Bare-necked umbrellabird
Cephalopterus glabricollis

The bare-necked umbrellabird (Cephalopterus glabricollis ) is a species of bird in the family Cotingidae. It is found in the Talamancan montane forests of Costa Rica and Panama. Bare-necked umbrellabirds live only in forests and their diet consists mainly of fruits.

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Its natural habitats are subtropical or tropical moist lowland forest and subtropical or tropical moist montane forest. It is threatened by habitat loss.

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The bare-necked umbrellabird is a large, bulky, and crow-like bird, being the largest passerine in its range. It is also among the largest of the cotingas, with only the Amazonian umbrellabird being larger. The males are larger than the females, being 41 cm (16 in) in length and weighing 450 g (16 oz), compared to the females' 36 cm (14 in) and 320 g (11 oz).



Biogeographical realms

The bare-necked umbrellabird is found in Panama, Costa Rica, and southern Nicaragua. It inhabits the subcanopy to upper understory of primary forest throughout its range, although some birds have been seen foraging in secondary forest. It can also be found in areas with dense understory and near fruiting trees. The species follows an annual altitudinal migration based on fruit availability, with most of the year being spent in lowlands between elevations of 100–500 m (330–1,640 ft) for males and at 200 m (660 ft) for females. During the breeding season between March–June, umbrellabird populations move higher up to elevations of 1,000–1,500 m (3,300–4,900 ft), coinciding with the highest fruit availability in these areas.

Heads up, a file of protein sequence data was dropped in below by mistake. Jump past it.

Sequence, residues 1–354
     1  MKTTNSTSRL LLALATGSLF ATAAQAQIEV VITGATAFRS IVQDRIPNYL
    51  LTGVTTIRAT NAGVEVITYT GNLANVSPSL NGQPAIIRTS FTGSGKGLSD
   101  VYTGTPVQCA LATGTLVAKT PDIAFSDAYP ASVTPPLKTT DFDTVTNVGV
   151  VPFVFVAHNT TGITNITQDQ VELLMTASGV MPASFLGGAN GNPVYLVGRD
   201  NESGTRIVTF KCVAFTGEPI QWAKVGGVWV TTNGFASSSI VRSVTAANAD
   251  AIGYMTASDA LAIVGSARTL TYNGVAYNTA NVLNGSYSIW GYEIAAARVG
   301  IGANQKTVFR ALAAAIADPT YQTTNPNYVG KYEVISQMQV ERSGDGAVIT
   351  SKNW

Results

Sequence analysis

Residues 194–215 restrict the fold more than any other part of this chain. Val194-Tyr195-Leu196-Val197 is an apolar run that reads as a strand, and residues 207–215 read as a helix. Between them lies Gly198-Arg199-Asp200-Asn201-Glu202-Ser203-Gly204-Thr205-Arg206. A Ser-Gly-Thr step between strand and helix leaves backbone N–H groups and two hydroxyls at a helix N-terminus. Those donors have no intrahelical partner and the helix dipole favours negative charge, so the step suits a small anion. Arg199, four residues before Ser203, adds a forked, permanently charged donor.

Bare-necked umbrellabird habitat map


Bare-necked umbrellabird habitat map
Bare-necked umbrellabird
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Diet and Nutrition

The bare-necked umbrellabird is mainly frugivorous, feeding on Marcgraviaceae, Urticaceae, Arecaceae, Lauraceae and Annonaceae berries, along with other fruits. It has also been known to feed on lizards, frogs, insects and larvae. Fruits are plucked from vegetation in flight or gleaned with heavy hops. A juvenile was also observed eating arthropods that were flushed out by a swarm of army ants in Costa Rica.

Mating Habits

Breeding occurs between March and June in Costa Rica and between April and September in Panama. Like other cotingas, male bare-necked umbrellabirds perform leks to attract females.


Population number

It is listed as endangered on the IUCN Red List. Its global population is estimated to be less than 2,500 mature individuals and decreasing.


1. Bare-necked umbrellabird Wikipedia article -
2. Bare-necked umbrellabird on The IUCN Red List site -
3. Xeno-canto bird call -

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